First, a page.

Early visual structures, like the primary visual cortex (V1), have an active role during size perception. We examined interocular transfer in a priming task both within and outside of awareness using continuous flash suppression (CFS). Specifically, stimulus sequences in which a prime and target that were either size-congruent or size-incongruent could be presented in succession to the same eye (monocular condition) or separately to each eye (dichoptic condition). This design enables one to infer the relative contributions of early and later visual structures, as monocular channels remain segregated in early visual areas (like V1 and earlier), but begin to coalesce in the cortex (V1 and beyond). Thus, equivalent reaction times across same and different eye presentations (i.e., interocular transfer) would highlight the importance of later visual areas. Thirty-five participants (Mage = 25.2 years) completed the experiment. Participants categorised a target stimulus as either small or
large. Trials varied prime visibility (CFS vs. visible), prime and target congruency (congruent vs. incongruent size), and eye presentation (monocular vs. dichoptic). A three-way ANOVA revealed a Congruency × Visibility interaction, F(1, 34) = 6.08, p = .02, ?2 p = .15, which was driven by priming effects in the visible (p < .05, d = .25, BF10 = 18.45) but not CFS (p = .99, d = .03, BF10 = 0.23) conditions. There was also an Eye × Visibility interaction, F(1, 34) = 17.10, p < .01, ?2 p = .34, which was driven by a monocular advantage under CFS (p < .01, d = .36, BF10 = 91.25), whereas monocular and dichoptic presentations were equivalent during the visible condition (p = .97, d = .03, BF10 = .21). Taken together, priming effects in the visible but not CFS conditions suggest that awareness is an enabling factor for size perception to occur. Further, we can infer that this is likely mediated by later visual structures, as there was complete interocular transfer of the size information.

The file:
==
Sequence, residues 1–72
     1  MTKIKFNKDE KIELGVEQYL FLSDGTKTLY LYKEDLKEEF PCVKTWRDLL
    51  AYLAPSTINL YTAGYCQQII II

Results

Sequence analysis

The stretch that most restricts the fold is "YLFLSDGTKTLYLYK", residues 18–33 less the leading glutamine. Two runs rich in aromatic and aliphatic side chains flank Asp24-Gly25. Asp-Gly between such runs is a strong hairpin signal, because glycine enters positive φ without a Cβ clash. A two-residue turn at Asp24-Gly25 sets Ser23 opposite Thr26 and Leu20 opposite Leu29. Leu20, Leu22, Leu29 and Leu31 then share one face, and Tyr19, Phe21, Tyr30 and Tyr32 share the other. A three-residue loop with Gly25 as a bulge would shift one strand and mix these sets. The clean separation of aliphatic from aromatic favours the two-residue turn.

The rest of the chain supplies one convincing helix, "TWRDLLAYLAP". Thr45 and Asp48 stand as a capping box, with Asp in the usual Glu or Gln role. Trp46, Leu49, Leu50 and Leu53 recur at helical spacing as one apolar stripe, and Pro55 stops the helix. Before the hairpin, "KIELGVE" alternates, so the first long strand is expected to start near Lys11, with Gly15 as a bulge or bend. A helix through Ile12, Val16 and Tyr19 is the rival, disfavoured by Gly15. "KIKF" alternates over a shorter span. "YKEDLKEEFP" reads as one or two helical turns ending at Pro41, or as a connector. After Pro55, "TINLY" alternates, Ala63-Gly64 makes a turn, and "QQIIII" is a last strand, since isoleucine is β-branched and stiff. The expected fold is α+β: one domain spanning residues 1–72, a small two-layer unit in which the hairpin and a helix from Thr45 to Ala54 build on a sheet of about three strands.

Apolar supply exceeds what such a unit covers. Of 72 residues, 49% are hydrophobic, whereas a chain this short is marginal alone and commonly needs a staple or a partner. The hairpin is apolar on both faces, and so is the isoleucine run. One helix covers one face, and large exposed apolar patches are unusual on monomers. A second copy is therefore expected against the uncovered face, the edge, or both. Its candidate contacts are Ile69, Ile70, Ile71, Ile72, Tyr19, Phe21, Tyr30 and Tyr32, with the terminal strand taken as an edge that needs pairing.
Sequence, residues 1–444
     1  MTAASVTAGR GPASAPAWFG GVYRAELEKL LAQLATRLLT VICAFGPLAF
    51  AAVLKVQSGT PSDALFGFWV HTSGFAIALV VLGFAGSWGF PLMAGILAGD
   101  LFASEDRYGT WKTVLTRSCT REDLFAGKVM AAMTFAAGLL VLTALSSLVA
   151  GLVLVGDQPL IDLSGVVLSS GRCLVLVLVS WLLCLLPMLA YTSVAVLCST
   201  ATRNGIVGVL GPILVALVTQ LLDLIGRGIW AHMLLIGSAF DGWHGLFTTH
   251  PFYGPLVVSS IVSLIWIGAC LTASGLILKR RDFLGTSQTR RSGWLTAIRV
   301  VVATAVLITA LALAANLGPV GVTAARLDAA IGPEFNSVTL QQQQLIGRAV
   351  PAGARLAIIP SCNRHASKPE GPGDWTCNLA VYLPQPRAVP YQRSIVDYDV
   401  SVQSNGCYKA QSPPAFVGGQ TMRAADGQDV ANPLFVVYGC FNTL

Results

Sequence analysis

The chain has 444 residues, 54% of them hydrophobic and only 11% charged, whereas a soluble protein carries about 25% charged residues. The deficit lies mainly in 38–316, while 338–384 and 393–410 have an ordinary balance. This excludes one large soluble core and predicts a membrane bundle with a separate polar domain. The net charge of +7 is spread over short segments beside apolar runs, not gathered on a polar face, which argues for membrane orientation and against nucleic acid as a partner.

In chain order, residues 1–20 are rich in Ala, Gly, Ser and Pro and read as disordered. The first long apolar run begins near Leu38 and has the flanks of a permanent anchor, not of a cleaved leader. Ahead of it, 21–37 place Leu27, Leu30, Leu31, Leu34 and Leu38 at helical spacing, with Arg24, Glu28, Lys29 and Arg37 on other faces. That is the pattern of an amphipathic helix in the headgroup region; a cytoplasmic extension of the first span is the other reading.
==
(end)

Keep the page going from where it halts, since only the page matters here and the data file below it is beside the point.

|Peel, H. J., Sherman, J. A., Sperandio, I., Laycock, R., & Chouinard, P. A. (November 2018) The mechanisms of size perception inferred by continuous flash suppression and interocular transfer. Abstract Book of the 8th Annual Meeting of the Australasian Cognitive Neuroscience Society (p. 75). The University Melbourne, VIC, Australia.|